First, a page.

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Eur Heart J. 2003 Jan;24(2):151-60.

Ethnic differences in acute myocardial infarction in Singapore.

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Department of Cardiology, National Heart Centre, Singapore.



We compare the myocardial infarction (MI) event and mortality rates among Chinese, Malay and Indian residents of Singapore.


Residents, aged 20 to 64 years, with an MI event were identified from hospital discharge listings, postmortem reports, and the Registry of Births and Deaths. All pathology laboratories flagged patients with elevated creatine phosphokinase (CPK) levels. Modified MONICA (multinational monitoring of trends and determinants in cardiovascular disease) criteria were used for determining MI events.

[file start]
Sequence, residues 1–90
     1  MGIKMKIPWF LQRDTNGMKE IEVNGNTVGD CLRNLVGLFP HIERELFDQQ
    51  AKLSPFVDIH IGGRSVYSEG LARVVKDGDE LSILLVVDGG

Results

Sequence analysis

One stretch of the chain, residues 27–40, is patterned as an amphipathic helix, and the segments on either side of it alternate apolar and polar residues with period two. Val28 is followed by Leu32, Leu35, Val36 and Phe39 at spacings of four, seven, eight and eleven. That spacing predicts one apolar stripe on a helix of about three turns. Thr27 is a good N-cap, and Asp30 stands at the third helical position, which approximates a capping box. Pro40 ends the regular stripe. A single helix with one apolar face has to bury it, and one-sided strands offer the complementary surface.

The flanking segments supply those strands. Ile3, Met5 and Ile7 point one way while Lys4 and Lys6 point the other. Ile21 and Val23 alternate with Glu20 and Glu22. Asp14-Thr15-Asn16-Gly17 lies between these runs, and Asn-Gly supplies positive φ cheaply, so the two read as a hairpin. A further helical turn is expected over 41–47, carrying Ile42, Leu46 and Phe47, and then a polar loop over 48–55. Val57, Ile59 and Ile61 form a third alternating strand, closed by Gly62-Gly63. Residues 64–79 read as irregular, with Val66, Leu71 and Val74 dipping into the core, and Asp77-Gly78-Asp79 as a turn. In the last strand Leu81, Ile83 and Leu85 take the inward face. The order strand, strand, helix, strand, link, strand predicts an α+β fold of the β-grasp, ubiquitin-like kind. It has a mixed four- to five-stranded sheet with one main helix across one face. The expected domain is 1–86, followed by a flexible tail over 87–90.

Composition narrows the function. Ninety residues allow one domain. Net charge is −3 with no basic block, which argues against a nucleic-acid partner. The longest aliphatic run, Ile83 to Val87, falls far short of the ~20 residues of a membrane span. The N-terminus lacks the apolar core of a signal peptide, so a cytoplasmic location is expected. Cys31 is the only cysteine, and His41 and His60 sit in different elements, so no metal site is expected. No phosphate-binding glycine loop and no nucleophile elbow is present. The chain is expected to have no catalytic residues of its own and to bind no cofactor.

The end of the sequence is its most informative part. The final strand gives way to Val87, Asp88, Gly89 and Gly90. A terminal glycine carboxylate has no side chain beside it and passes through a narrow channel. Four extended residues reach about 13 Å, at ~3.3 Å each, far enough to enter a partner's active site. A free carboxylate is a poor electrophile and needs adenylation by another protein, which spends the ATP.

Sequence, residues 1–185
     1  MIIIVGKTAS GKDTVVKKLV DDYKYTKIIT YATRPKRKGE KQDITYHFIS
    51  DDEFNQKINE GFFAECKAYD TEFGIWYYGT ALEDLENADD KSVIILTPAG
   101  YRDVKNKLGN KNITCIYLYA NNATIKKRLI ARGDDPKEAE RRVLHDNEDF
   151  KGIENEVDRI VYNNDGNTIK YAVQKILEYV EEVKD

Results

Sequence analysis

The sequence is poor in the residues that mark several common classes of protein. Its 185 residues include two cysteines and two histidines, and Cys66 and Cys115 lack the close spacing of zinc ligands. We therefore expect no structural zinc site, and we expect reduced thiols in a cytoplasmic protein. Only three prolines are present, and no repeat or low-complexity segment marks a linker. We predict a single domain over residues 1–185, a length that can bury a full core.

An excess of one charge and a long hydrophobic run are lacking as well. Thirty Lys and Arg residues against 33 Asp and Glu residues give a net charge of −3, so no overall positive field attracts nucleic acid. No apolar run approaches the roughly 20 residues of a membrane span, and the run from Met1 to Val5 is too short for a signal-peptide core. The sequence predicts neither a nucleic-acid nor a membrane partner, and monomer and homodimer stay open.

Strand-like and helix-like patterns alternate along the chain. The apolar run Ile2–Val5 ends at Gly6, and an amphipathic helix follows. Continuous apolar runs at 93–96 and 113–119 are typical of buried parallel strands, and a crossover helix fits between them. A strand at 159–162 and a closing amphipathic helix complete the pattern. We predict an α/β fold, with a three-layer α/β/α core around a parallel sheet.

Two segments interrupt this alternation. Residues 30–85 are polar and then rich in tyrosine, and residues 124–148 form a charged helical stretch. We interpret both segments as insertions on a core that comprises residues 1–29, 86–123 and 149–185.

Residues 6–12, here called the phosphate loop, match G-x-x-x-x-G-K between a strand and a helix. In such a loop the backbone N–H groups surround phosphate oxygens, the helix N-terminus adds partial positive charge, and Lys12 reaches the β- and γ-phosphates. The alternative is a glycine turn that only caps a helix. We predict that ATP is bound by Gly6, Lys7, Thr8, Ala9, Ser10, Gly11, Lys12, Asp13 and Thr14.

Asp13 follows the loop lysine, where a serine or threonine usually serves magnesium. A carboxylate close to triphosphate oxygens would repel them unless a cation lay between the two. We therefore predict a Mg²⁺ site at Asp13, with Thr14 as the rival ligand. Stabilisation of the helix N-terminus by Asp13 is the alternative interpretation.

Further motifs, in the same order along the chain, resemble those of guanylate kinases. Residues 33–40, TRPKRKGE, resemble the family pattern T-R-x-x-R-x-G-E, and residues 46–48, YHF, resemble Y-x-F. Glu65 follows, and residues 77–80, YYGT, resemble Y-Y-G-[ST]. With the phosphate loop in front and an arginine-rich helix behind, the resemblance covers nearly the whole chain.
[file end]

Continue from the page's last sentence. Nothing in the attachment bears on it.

From 1991 to 1999, 12 481 MI events were identified. Chinese patients were older and less likely to have typical symptoms or previous MI. Malays had the highest peak CPK level. Among all three ethnic groups, MI event and age-adjusted case-fatality rates declined. Compared with Chinese, MI event rates were >2-fold and >3-fold higher, and age-standardized coronary mortality rates were 2.4 and 3.0 higher times for Malays and Indians, respectively. Malays have the highest 3.1-year case-fatality, with an adjusted hazard ratio of 1.26 (95% confidence interval, 1.14 to 1.38) compared with Chinese.


We found strong ethnic differences in MI event, case-fatality and coronary mortality rates among the three ethnic groups in Singapore. While Indians have the greatest MI event rates, Malays have the highest case-fatality.

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